The Walden Effect: Farming, simple living, permaculture, and invention.

Incubation 101

Yellow chicksI feel like our four incubator runs this year have equated to a semester of Incubation 101, which would make this last hatch the final exam.  Good thing I get to write a blog post full of pictures instead of a term paper!

We hatched 14 very perky chicks out of 24 eggs this time around.  A 58% hatch rate from mail order eggs is above average, so I'll give myself a B+ based on pure math.

Now that the normal progression of pipping to unzipping to hatching is firmly ingrained in my memory, I barely worried about the incubation process (although I have to admit I woke up to peer into the incubator with the flashlight when the chicks all started popping out of their shells in the middle of the night.)  I helped one chick a bit prematurely, then waited a long time to help another chick who might have needed assistance (but who hatched on his own eventually), and yet both of those troublesome chicks are now indistinguisable from their brethren.  I guess that's a B on grasping the gestalt of the hatch.

Hatch rate by locationNow that I've settled on an incubator that really does the job, I can start learning the ideosyncracies of my equipment.  For example, is it coincidental that eggs in the center of the incubator tray are less likely to hatch than those on the edges and tend to hatch later?  I only kept data on egg location for two hatches and both showed the same trend, but I just don't have enough data points to know for sure.  And if that is indeed the case, what could I do about it to improve my hatch rate --- move eggs around in the incubator every few days, perhaps?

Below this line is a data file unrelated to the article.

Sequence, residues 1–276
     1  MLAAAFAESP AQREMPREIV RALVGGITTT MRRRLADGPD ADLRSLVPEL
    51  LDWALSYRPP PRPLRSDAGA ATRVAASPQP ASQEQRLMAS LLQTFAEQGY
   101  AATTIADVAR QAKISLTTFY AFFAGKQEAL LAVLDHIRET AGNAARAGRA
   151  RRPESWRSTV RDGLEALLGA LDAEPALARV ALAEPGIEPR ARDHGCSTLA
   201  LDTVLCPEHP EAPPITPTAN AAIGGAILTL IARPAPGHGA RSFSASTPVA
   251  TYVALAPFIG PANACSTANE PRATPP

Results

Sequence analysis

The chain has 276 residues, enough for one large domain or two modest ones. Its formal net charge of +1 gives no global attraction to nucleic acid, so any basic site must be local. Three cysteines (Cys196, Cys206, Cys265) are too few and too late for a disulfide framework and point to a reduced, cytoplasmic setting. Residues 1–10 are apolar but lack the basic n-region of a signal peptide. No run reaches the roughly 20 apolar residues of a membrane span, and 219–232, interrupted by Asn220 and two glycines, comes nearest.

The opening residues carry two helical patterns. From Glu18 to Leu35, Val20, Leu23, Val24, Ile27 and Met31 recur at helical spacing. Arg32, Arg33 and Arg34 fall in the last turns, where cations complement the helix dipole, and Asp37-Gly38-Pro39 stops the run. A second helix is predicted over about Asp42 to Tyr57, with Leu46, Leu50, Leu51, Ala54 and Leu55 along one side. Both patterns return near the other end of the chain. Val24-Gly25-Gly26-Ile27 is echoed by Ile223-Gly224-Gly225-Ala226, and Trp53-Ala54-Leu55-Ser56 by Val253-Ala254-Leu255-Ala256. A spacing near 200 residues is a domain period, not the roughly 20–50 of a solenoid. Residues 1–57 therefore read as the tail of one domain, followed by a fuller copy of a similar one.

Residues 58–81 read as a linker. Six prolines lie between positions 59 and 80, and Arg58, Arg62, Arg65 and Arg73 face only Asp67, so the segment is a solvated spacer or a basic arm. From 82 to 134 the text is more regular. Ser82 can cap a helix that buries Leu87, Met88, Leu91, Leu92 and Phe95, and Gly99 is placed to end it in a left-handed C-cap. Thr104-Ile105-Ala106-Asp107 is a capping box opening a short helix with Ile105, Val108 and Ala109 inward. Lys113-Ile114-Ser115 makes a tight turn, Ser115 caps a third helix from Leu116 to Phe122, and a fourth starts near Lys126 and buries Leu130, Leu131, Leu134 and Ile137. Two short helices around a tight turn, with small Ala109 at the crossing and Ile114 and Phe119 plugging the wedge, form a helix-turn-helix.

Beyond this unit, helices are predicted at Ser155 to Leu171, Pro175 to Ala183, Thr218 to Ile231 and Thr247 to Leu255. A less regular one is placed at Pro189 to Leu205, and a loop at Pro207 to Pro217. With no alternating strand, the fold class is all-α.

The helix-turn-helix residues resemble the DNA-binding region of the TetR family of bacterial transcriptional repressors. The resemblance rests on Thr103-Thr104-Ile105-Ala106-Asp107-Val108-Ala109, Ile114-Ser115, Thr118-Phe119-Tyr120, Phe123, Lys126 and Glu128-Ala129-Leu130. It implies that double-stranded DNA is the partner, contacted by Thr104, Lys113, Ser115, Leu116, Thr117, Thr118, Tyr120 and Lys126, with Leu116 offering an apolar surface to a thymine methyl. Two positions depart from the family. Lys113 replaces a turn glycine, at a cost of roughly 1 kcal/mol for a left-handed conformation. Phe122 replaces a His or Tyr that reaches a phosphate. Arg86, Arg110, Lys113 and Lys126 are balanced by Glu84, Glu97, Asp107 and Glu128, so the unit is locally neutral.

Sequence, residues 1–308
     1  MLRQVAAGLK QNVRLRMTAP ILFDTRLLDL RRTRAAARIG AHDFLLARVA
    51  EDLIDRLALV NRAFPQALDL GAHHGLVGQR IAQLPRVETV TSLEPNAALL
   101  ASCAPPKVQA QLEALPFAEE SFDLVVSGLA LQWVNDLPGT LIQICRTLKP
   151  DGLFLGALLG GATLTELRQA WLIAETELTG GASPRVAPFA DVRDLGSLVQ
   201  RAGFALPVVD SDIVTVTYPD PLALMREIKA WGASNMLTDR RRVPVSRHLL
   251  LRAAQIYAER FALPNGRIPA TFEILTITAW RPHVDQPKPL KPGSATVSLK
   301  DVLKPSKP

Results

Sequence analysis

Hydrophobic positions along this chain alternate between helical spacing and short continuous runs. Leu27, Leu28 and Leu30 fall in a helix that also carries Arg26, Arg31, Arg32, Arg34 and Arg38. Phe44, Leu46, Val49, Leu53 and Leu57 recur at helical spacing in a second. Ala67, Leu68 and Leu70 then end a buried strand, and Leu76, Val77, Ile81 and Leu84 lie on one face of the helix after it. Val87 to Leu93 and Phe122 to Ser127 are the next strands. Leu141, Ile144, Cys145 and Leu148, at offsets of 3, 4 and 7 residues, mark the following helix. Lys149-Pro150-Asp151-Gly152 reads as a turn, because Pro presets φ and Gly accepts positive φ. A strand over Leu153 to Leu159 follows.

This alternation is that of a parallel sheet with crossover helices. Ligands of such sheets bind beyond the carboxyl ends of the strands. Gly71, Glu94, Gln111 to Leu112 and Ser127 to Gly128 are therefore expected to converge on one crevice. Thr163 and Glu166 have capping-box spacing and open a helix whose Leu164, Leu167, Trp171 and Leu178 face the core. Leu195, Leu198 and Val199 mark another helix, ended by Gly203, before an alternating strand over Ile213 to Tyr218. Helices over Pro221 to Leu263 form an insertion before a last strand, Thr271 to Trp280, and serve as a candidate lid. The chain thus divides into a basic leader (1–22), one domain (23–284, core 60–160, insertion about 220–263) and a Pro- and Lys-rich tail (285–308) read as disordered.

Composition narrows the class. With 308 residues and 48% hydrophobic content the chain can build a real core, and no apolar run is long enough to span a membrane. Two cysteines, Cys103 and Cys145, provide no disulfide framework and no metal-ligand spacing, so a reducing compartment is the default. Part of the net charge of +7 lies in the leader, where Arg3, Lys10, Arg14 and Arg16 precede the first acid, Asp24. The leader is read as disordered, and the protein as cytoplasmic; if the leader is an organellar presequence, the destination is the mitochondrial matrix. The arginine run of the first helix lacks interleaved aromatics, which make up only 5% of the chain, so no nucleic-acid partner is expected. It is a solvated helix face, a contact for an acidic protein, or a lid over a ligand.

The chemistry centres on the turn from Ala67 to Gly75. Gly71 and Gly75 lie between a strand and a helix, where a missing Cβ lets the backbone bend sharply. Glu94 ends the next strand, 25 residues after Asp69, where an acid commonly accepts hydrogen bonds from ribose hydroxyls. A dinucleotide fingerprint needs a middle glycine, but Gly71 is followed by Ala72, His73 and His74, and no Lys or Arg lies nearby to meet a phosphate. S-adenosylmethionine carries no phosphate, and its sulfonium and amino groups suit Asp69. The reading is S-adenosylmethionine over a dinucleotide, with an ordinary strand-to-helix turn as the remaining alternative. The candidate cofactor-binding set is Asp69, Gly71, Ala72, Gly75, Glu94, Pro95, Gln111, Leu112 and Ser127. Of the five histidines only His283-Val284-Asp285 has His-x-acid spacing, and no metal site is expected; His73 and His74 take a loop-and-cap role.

And I wonder why the majority of my eggs always seem to hatch on day 22 instead of the stereotypical day 21.  Should I be running the incubator a bit hotter than 99.6 even though it's a forced air model?  Or am I just counting wrong --- is the day I turn on the heat considered day 0 instead of day 1?

I guess I'll learn these more advanced tricks in Incubation 202, offered spring 2012.  If you want to brush up on your early incubation skills, you might be interested in checking out my other chicken incubation posts on our chicken blog.

Our chicken waterer keeps the flock healthy from the day they hatch with POOP-free water.

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About us: Anna Hess and Mark Hamilton spent over a decade living self-sufficiently in the mountains of Virginia before moving north to start over from scratch in the foothills of Ohio. They've experimented with permaculture, no-till gardening, trailersteading, home-based microbusinesses and much more, writing about their adventures in both blogs and books.

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even if its forced air, heat will radiate from the heating element through materials. if the heating element is top center, put aluminum foil above (or below if the heating element is in the bottom) your center eggs. this should block the radiant heat, but will have no effect on convective heat.
Comment by david L Mon Aug 22 11:38:43 2011
David --- It's comments like this that keep us blogging --- thank you! Awesome advice, and a problem I hadn't even considered. I think I may take Mark's advice and move a thermometer around the incubator while it's running for a while and see if I can distinguish hot spots, then try to make an aluminum foil umbrella and see if that helps.
Comment by anna Mon Aug 22 19:01:40 2011

Baby chicks Like late summer snowflakes Each one so unique.

Comment by Maggie Mon Aug 22 19:32:47 2011
...each one nearly indistinguishable!
Comment by anna Tue Aug 23 14:14:51 2011
In the picture they look more unique than indistinguishable.
Comment by Maggie Wed Aug 24 07:01:34 2011

profile counter myspace

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